Elon Musk, superhero of the Latin American right

This article was written by Leonardo Oliva and published in CONNECTAS in May 2024. An edited version is republished in Global Voices under a media agreement.

Venezuela has a great wealth of natural resources. If Chavez had not destroyed their economy by increasing the role of government to extreme socialism, the country would be very prosperous.

This quote is from April 4 and it was posted by Elon Musk, the billionaire owner of Tesla and Space X, on X (formerly Twitter). It is hardly his only opinion about a Latin American country: “Prosperity is ahead for Argentina,” he tweeted when Javier Milei won the election back in November; and “He’s right,” to celebrate Salvadoran Nayib Bukele on the same social network back in February.

Musk uses that platform — which he owns — to plant the flag with his opinions about all sorts of issues, always controversially. From the COVID-19 pandemic, the war in Ukraine, and the World Cup in Qatar, to drug consumption, almost any issue has been tackled by the sharp tongue of the second richest man in the world (whose fortune is USD 195 billion, according to Forbes).

Strangely, many of his latest posts on X refer to Latin America, where he has shown affinity with right-wing political leaders such as Milei, Bukele, and Brazilian leader Jair Bolsonaro. And, in contrast, the targets of his posts are always of the left, such as Chavismo or Lula Da Silva.

Musk, as journalistic profiles about him portray, is a pragmatic man, and entrepreneur with an instinct for business — ideology aside. He didn’t hesitate to travel last weekend to China to do business with the communist government.

However, he has become an active spokesman for more reactionary speech. “Throughout 2022, he went from benign praise to moderation, and to furious concerns about how woke mind and self-imposed censorship by media elites were an existential threat to humanity,” reads the celebrated biography of Musk by Walter Isaacson, published in September 2023.

In this swerve towards extremes, Latin America has served him to echo his businesses and his diatribes. His praise of libertarian Milei went beyond tweets: on April 12, he welcomed the Argentinian president in the offices of Tesla in Texas. They talked, took photographs and declared a mutual “love” for each other, just as Milei is applying a drastic adjustment to the Argentinian economy, which the opposition considers to be wreaking havoc.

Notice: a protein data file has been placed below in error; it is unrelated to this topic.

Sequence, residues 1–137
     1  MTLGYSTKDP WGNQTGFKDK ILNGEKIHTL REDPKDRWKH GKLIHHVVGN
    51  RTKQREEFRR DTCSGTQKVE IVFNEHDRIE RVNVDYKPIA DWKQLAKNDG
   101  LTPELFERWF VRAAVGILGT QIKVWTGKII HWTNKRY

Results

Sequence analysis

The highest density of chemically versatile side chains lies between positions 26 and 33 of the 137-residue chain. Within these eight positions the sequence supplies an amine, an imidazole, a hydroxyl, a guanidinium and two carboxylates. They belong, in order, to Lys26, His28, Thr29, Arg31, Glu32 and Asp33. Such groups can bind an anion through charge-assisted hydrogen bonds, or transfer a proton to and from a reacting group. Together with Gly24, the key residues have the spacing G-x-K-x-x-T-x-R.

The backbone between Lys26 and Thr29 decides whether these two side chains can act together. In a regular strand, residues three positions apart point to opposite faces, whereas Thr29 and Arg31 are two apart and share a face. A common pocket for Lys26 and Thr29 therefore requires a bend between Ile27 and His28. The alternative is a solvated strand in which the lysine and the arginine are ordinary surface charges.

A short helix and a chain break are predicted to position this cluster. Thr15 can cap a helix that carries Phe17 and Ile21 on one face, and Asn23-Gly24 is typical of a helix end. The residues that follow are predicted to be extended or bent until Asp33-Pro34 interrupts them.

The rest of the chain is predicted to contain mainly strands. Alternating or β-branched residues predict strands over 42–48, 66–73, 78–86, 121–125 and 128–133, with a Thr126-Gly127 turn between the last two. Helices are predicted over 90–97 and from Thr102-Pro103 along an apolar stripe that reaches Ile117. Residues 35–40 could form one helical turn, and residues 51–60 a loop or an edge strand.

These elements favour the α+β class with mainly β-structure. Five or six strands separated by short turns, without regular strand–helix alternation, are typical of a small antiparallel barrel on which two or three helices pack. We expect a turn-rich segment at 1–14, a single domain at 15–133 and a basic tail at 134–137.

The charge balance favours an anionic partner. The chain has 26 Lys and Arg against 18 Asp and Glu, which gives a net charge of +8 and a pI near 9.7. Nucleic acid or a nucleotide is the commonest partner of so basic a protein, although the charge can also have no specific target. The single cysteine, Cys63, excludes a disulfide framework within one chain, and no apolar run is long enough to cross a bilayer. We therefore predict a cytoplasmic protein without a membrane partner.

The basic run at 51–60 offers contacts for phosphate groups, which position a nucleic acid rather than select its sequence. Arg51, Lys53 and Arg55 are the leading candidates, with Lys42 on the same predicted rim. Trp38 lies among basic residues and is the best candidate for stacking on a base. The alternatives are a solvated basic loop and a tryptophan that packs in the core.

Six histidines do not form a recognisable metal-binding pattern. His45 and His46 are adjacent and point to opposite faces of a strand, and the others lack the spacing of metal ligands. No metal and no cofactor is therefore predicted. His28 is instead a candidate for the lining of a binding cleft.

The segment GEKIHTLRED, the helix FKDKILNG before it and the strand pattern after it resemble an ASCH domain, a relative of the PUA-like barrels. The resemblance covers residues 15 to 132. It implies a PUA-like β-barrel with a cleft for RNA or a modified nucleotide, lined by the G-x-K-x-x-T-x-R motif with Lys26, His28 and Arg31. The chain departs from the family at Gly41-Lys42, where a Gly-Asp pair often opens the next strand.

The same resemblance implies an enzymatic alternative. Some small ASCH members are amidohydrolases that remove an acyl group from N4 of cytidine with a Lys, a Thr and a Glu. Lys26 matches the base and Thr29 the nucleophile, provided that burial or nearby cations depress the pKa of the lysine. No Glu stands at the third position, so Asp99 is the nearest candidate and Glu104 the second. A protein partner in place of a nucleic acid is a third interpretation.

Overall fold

At the same time, the founder of companies such as Neuralink (brain-computer interfaces)  and Starlink (satellite internet access) is in the middle of a feud with a Brazilian judge who ordered him to block a series of accounts on X for allegedly spreading misinformation about Lula’s government. His accusations against magistrate Alexandre de Moraes (claiming “censorship”) were applauded by Bolsonaro, who stated that Musk’s objective “is to free the whole world.”

For Brazilian political analyst Marco Bastos, Bolsonarismo supports the businessman’s claims out of “convenience.” And the defense of freedom of speech is “inconsistent” because Bolsonaro is a firm defender of military dictatorship — not quite an example of respecting that right in Brazil.

Read more: On X, Elon Musk pushes a campaign against a Brazilian Supreme Court Justice

Brazil and Argentina are two nations with mounting polarization of the extremes in Latin America. And, in that clash, Musk has decided to stand as far to the right as possible. Oddly enough, he has failed to do so in the United States, his adopted country (he was born in South Africa). There, extremes are represented by presidential candidates Joe Biden and Donald Trump. Even though he has questioned the former, he hasn’t been explicitly in favor of the Republican; although he did question another ultra anti-woke conservative: Ron DeSantis, governor of Florida.